The lights are on
Veteran Member - Level 13
After hearing my fellow editors gush
recently, I finally decided to check out Blizzard's free-to-play CCG the other night. An hour of trying to figure out my login information and an embarrassing
chat with a Blizzard support rep later, I still hadn't played the game – but I did
learn a valuable life lesson.
I was sincerely looking forward to trying out Hearthstone,
but my evening was quickly railroaded by the absurd security precautions of
Blizzard's Battle.net service. If gaming services were movie character
stereotypes, Battle.net would be the tinfoil-hat-wearing conspiracy theorist that
makes the audience chuckle and think, "nobody's that paranoid." Only Battle.net is
that paranoid, and not nearly as funny.
I tried to log into my Battle.net account like I do all of
my online accounts – by randomly guessing at my username and password half a
dozen times before stumbling upon the right combination. Eventually, I figured
it out – time to play, right?
Apparently, knowing your username and password (albeit with a few wrong guesses) isn't enough for Battle.net; before starting Hearthstone, it also
wanted me to verify that it was really me
by answering a security question: What was your childhood nickname?
Only I didn't have a childhood nickname. After trying a
couple variations of my name (Jeffro? Jeffy? Jeff?), I looked for an option to answer a different
security question, but my nonexistent childhood nickname was the only option.
Why the hell would I choose that security question?
After a few more failed tries (including several variations
of "Hangtime"), I clicked the link to verify my Battle.net account using
another method. The only other option was to input the product key from a
physical copy of a Blizzard game tied to my Battle.net account. This also
proved to be a problem – the only thing I've ever used my account for before
was to play an hour of the free-to-play version of Diablo III. Clearly, you
can see why my account would be a top priority for hackers...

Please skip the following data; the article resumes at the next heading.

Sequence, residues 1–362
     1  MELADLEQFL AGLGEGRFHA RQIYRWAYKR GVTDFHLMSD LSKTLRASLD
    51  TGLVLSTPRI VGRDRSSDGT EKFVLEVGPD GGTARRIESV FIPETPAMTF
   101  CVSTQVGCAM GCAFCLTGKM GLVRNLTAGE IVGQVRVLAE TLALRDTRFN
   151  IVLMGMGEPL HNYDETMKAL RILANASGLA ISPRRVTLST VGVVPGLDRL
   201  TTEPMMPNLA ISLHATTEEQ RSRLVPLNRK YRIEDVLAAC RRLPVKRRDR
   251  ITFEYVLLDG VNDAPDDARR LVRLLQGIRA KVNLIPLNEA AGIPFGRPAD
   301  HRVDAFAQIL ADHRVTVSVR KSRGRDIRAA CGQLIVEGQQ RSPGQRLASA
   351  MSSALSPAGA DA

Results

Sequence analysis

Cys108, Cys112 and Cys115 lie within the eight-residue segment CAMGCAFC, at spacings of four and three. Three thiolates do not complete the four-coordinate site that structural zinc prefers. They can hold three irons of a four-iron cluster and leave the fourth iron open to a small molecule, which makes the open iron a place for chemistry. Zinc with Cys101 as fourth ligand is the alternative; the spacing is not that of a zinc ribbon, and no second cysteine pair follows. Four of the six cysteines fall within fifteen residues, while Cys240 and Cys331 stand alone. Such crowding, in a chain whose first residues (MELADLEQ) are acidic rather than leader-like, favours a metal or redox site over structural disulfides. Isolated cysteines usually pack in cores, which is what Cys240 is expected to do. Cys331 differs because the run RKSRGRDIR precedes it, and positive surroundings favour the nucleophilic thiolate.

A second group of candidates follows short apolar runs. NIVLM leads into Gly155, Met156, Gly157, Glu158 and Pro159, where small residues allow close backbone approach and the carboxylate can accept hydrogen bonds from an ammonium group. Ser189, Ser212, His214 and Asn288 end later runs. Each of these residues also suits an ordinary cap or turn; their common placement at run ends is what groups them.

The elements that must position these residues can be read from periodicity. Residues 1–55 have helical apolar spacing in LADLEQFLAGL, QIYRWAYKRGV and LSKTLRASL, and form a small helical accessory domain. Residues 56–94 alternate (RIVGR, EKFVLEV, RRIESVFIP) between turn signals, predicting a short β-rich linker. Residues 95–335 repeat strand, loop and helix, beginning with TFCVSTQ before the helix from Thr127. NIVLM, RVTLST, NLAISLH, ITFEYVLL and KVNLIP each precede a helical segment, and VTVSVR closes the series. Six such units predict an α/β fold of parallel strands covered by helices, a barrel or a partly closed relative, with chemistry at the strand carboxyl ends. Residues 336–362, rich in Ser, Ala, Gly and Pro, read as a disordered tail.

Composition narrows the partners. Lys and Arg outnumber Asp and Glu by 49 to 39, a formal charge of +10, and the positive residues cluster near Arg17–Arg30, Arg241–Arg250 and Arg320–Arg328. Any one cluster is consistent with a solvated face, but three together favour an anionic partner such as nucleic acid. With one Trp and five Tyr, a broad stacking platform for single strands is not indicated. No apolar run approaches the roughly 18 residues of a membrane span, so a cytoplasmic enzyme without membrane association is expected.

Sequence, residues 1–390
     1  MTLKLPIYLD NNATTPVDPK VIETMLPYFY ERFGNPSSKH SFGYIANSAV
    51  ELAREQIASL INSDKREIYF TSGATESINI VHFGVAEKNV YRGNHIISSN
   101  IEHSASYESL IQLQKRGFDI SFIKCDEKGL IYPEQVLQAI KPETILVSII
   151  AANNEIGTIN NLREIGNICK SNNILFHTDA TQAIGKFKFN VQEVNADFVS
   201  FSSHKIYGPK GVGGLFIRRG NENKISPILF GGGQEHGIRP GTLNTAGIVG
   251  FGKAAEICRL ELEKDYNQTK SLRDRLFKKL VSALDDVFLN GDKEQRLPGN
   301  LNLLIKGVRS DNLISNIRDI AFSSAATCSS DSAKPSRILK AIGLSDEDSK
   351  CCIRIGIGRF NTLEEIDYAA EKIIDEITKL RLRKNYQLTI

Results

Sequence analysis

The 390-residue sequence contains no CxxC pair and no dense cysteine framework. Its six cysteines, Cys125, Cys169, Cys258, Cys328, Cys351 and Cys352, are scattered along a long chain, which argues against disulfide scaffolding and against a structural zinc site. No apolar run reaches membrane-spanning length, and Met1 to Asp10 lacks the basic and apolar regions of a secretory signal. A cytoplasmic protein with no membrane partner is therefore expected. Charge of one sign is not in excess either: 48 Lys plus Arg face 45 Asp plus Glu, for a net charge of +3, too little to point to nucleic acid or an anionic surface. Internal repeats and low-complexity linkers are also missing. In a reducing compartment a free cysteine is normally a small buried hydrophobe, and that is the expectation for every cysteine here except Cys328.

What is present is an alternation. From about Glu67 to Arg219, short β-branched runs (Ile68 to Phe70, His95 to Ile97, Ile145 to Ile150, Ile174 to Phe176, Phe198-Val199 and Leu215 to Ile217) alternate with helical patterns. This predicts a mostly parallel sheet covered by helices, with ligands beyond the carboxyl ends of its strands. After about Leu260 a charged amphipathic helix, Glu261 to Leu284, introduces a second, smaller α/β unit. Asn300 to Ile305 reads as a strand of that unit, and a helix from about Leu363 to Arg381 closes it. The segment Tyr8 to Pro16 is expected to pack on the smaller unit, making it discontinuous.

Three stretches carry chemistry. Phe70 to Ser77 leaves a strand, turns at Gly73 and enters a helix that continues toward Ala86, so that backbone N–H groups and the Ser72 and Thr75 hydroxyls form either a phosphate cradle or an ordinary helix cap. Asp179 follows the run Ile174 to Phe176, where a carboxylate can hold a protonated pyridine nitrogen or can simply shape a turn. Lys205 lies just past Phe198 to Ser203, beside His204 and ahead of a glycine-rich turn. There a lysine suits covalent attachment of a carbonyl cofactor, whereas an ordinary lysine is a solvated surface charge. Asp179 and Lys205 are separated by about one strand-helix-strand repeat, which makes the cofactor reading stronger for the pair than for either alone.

The final option at my disposal was to reset my password –
it didn't seem like it would be of much help since I knew my existing password,
but I was desperate. No luck – I was once again prompted with my security
question. Battle.net was obsessed with finding out my childhood nickname.
After 30 minutes of guessing and Yosemite Sam-esque
obscenity muttering, Battle.net informed me that my account had been completely
locked down. It was time to exercise the nuclear option: online chat support.
Blizzard's support chat is themed like you're speaking to a
character from one of the company's games, complete with sound effects and a
cartoony avatar of the person you're talking to. The person helping me looked
like a cat wearing goggles, and the name suggested I was talking to a woman,
which would make the ensuing conversation all the more embarrassing. Below is
the transcript of the chat; I have omitted the Blizzard rep's name, as she may
or may not have bent a few rules while helping me out.
The support rep wasn't lying – unlocking the account was
super easy, and ironically didn't require any other security measures. Apparently,
hackers just aren't willing to wait 20 minutes to ask tech support to unlock
the account. However, we hadn't solved the underlying problem – without knowing
my security answer, this would all happen again next week when I inevitably
have to re-guess my re-forgotten password.
If I was smart, I would've stopped while I was ahead. Then
again, if I was smart, I wouldn't have picked a security question that doesn't
have an answer, then make up a fictitious answer and immediately forget it. I
was determined to fix all of my Battle.net problems in one fell swoop.
Note how the rep said that they don't actually change
security answers...After snapping a few pics, I had a decent shot of my ID.
Boner, eh? Was I going for an obscure reference to Mike Seaver's best friend in Growing Pains? Or
just being an idiot? I think we both know the answer to that one... Thankfully, the support rep took pity on me.
After thinking about it some more, I vaguely recalled a conversation I had with our former PC editor, Adam Biessener, about how much
I despise security questions – likely around the time I would've been testing the
PC version of Diablo III for my review
of the console versions. I'm guessing that conversation ended with me deciding
that a stupid answer would be hilarious,
assuming I wouldn't forget it one day...
So there you have it, kids: If you're going to pick a crank
response for an online password or security question, at least be smart enough
to write it down – it may save you from an embarrassing conversation with
a stranger one day.
Email the author Jeff Marchiafava, or follow on Google+, Twitter, and Game Informer.